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Old 05-23-2007, 08:59 PM   #11
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I get better in town mileage when shifting at very low rpms.

1-2 700-1000rpms
2-3 1100
3-4 1300
4-5 1500

level ground, downhill slightly less rpm, uphill slightly more rpm. The saturn pulls cleanly off idle in most situations
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Old 05-23-2007, 09:13 PM   #12
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I get better in town mileage when shifting at very low rpms.

1-2 700-1000rpms
2-3 1100
3-4 1300
4-5 1500

level ground, downhill slightly less rpm, uphill slightly more rpm. The saturn pulls cleanly off idle in most situations
I guess it really depends on the vehicle! Theres no way I shift into 5th at 1500 rpms, no way. In 5th at 1500, it has a hard time accelerating on flat ground at all. But it is a jap car. they are more upper rpm HP, and not mucch bottom end. Its gutless below 2000 in any gear. Prefers 3000+. I will have to try a tank shifting at 3000, instead of my now usual 2500.
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Old 05-23-2007, 09:27 PM   #13
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Hey, byobbq, say something intelligent about what this graph says about where to shift.

To me it seems to say that you would want to be asking for nearly the maximum torque, and shifting at about 2600 rpm, trying to keep the revs and the torque demand right on that region of the best BSFC.
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Old 05-24-2007, 12:31 AM   #14
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However the 'previous engine' had the most efficient areas not so tightly concentrated.

On my car with SuperMID, I have found that keeping the revs low does help fuel economy - seeming a lot more important than most other things!

And it is a 1.8 japanese engine!
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Old 05-24-2007, 11:55 AM   #15
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<snip>To me it seems to say that you would want to be asking for nearly the maximum torque, and shifting at about 2600 rpm, trying to keep the revs and the torque demand right on that region of the best BSFC.
Bill...does that mean I would be better keeping my car near it's torque peak...or just keeping it at the lowest % throttle that I can?
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Old 05-24-2007, 12:34 PM   #16
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From the graph, it looks like you want to be pretty close to the peak, meaning stepping on it pretty hard... Still hoping for BBQ (or someone else) to confirm my understanding of the graph...
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Old 05-24-2007, 12:39 PM   #17
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What kinda toyota do you have that motor in?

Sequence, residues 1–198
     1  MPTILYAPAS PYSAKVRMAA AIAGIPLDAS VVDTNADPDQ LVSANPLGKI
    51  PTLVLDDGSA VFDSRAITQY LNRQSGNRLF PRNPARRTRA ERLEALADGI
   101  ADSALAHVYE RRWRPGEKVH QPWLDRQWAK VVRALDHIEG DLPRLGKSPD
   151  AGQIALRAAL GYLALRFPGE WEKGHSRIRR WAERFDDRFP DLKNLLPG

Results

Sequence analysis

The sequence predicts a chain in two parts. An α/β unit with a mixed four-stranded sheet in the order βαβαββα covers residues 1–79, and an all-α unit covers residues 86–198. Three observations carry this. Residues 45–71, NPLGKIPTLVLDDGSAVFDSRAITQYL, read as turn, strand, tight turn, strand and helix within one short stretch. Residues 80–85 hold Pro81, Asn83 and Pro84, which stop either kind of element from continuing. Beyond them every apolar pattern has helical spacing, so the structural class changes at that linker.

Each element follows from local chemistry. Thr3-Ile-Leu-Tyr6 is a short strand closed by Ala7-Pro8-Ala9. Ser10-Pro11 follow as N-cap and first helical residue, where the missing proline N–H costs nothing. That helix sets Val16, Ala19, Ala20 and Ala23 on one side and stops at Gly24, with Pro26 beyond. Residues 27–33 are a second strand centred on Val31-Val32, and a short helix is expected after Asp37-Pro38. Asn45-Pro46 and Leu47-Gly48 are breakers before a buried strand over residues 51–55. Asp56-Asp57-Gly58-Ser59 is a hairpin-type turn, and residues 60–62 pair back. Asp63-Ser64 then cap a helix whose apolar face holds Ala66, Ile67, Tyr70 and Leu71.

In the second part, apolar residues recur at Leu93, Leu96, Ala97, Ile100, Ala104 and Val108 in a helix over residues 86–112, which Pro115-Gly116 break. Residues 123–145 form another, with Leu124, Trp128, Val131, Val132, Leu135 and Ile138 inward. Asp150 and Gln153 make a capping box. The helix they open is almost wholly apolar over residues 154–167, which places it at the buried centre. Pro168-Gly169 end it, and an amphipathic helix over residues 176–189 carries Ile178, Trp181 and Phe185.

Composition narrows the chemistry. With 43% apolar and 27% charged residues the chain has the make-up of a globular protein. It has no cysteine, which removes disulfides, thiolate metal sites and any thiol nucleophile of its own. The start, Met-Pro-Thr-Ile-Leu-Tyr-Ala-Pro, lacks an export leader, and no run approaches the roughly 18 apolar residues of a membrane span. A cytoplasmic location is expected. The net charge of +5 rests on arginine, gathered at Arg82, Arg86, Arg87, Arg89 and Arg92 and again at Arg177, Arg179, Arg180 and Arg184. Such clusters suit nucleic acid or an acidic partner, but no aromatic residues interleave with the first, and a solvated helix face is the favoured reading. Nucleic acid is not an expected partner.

Do you know if you can find that kinda graph for a Mercedes 103.940 motor, or did you get this from a dyno?
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Old 05-24-2007, 01:36 PM   #18
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Ya, exactly. BYOBBQ posted it. He has (or had) a Camry. I have not been able to find one for the K24 engine in my car. It seems to me that if the engine in every Accord, Element, RSX and TSX for the last 5 years doesn't have a BSFC chart that is findable on the internet, finding one for the Mer will be difficult...
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Old 05-24-2007, 02:31 PM   #19
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Remember your gear ratios will make the biggest change between cars. A 3.5 versus a 4.1 will have to spread the shifts out further to get the same results. Also your trans ratios have much to do with it. I can right now be in 3rd gear in about 3 car lengths of the geo, it will be interesting to see what will change when the 14s are installed. Experiment and see it's the only real way to see. Japenese or European cars like to rev. american cars usually have lots of torque. Thats why in cars equiped with skip shift under 30&#37; throttle will go 1st to 4th.
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Old 05-24-2007, 08:25 PM   #20
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I guess it really depends on the vehicle! Theres no way I shift into 5th at 1500 rpms, no way. In 5th at 1500, it has a hard time accelerating on flat ground at all. But it is a jap car. they are more upper rpm HP, and not mucch bottom end. Its gutless below 2000 in any gear. Prefers 3000+. I will have to try a tank shifting at 3000, instead of my now usual 2500.

My car is pretty gutless all over. Especially in 5th gear. Sometimes I shift and wait for the acceleration to happen. la la la, anyday now! That sort of thing. I tried the short shifting in an altima and it just wasn't compatible. Too much weight and not enough low end torque.

Thing biggest thing that will help you decide which method is a supermid or an SG2.

good luck
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